Irritable Bowel Syndrome is not a particularly glamorous subject to discuss but, unfortunately, it's a fact of life for some runners.
Up to 60% of runners may suffer with stomach problems, and only a small handful actually suffer from IBS. It's a chronic disorder characterized by abdominal pain, changes in bowel habits and bloating. When you run your body redirects blood from your intestines to your working muscles and organs, which starves the intestines of oxygen, explaining why some people may experience cramping.
Many athletes find this condition to be challenging, since the pain can interfere with training and race performance. There is no single medication, diet or holistic remedy that can cure this condition, but you can learn how to control it. The nerves of your gut are simply more sensitive than they should be, and can be agitated by certain foods, or by psychological issues such as depression, anxiety and stress. It's important for people experiencing abdominal pain and diarrhoea to stay hydrated.
Symptoms of IBS can range from mild to severe
Pain or cramping in the abdomen
Gas and bloating
A feeling of fullness
Loose or watery stools
Difficulty controlling bowel movement
Foods to Avoid
• Refined foods like white bread, refined cereals, chips as well as brown rice.
• Drinks that stimulate the intestines like: coffee, tea, alcohol, sodas and energy drinks.
• Dairy products like cheese, ice-cream, yoghurt (milk can lead to issues with bloating and diarrhoea).
The foods listed above are only a general guide of what could be avoided. However, there is no specific diet for IBS since it can vary from person to person. The body in general can't digest dairy foods very well and the combination of that, the lactic acid build-up when you exercise, and the motion of running on a hard surface is what causes the tummy upset in sensitive people.
Tips to help ease your discomfort
- Maintain a daily journal of your food intake and the symptoms of IBS and track when the symptoms occur, in order to establish a pattern.
- Track how many times a specific food causes any symptoms. The best treatment for IBS is identifying trigger foods and eliminating them from your diet.
- Experiment with removing dairy from your diet for two weeks to see if symptoms improve. Or choose dairy products carefully, especially in cases of lactose intolerance.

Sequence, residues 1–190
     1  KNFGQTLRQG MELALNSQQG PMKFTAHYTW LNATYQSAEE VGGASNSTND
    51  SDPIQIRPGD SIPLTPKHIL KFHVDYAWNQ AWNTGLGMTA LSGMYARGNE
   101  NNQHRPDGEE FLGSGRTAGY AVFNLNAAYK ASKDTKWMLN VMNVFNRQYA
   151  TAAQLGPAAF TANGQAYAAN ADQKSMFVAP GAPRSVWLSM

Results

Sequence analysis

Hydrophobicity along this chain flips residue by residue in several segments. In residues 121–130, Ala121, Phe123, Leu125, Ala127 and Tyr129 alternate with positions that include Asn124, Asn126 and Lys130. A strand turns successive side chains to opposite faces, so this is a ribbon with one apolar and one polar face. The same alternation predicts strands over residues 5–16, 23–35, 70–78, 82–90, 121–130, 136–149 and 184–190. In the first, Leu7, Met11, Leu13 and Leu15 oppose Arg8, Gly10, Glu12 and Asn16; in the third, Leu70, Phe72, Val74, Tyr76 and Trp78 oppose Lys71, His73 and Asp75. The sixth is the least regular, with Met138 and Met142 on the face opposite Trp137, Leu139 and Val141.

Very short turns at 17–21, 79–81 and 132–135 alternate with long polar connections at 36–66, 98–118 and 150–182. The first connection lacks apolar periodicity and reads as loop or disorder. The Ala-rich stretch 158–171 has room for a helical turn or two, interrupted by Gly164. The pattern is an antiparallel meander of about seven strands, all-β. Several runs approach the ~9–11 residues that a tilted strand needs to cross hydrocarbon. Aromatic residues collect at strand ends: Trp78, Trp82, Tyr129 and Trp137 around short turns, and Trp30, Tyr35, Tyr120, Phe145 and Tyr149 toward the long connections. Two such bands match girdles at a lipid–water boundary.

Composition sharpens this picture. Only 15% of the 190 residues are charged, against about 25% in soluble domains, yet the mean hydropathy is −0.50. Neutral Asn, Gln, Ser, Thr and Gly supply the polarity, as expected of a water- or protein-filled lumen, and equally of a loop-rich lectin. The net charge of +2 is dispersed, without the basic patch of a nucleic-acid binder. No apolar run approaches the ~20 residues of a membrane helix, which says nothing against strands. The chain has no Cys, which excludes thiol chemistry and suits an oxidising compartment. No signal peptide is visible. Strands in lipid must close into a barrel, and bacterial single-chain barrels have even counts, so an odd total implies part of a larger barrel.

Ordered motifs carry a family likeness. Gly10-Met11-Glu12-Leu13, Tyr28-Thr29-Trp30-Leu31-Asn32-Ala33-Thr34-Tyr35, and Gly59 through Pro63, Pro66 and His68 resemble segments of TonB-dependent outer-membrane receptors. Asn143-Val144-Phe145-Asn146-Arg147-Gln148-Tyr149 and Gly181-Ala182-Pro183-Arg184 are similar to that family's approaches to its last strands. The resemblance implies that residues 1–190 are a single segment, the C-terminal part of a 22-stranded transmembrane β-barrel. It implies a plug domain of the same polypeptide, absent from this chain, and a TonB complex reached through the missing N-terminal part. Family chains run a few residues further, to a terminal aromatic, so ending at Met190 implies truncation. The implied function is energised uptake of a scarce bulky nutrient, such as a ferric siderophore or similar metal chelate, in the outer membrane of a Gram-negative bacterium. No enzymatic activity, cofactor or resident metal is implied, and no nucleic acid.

- Eating foods high in protein and high in fat shortly before exercise can cause IBS problems.
- Avoid food at least two hours before running – this will help minimize the risk of a full stomach triggering the condition during the run.
- Stay well-hydrated by drinking plenty of fluids before and after running – this is an effective approach to staving off symptoms. Drink plenty of water each day.
- Stress can also affect the bowels, making them more sensitive and less tolerant of food. Episodes of stress, depression and anxiety may act as IBS triggers. If you fall into this category it would be useful to find de-stress techniques that help you to unwind and reduce the stress you are going through.
- Common foods to avoid with IBS include: caffeine, chocolate, nuts and dairy for some people.
- Simple alterations to your lifestyle may provide much needed relief of the symptoms.
When preparing for a race it's important to increase your carbohydrate and protein intake. However, if suffering with IBS you need to pay a bit more attention to ensuring you run comfortably. A week before the event is the best time to start to carbo-load. Rather than taking carbs in large quantities it's best if you take small quantities spread over the duration of the day. Avoid eating a large quantity of carbohydrates the day before race day and on race day.
Overall it's important to work with a nutrition plan and to experiment with eliminating one food source at a time to take control of your bowels. However, seek medical advice if you are experiencing a lot of pain.
This is health information that we found very useful and want to share with our customers. But we're not health specialists. The health information on this site is not intended to be a substitute for professional medical advice, diagnosis, or treatment. Always seek the advice of a qualified healthcare professional with any questions you may have regarding a medical condition or sports nutrition.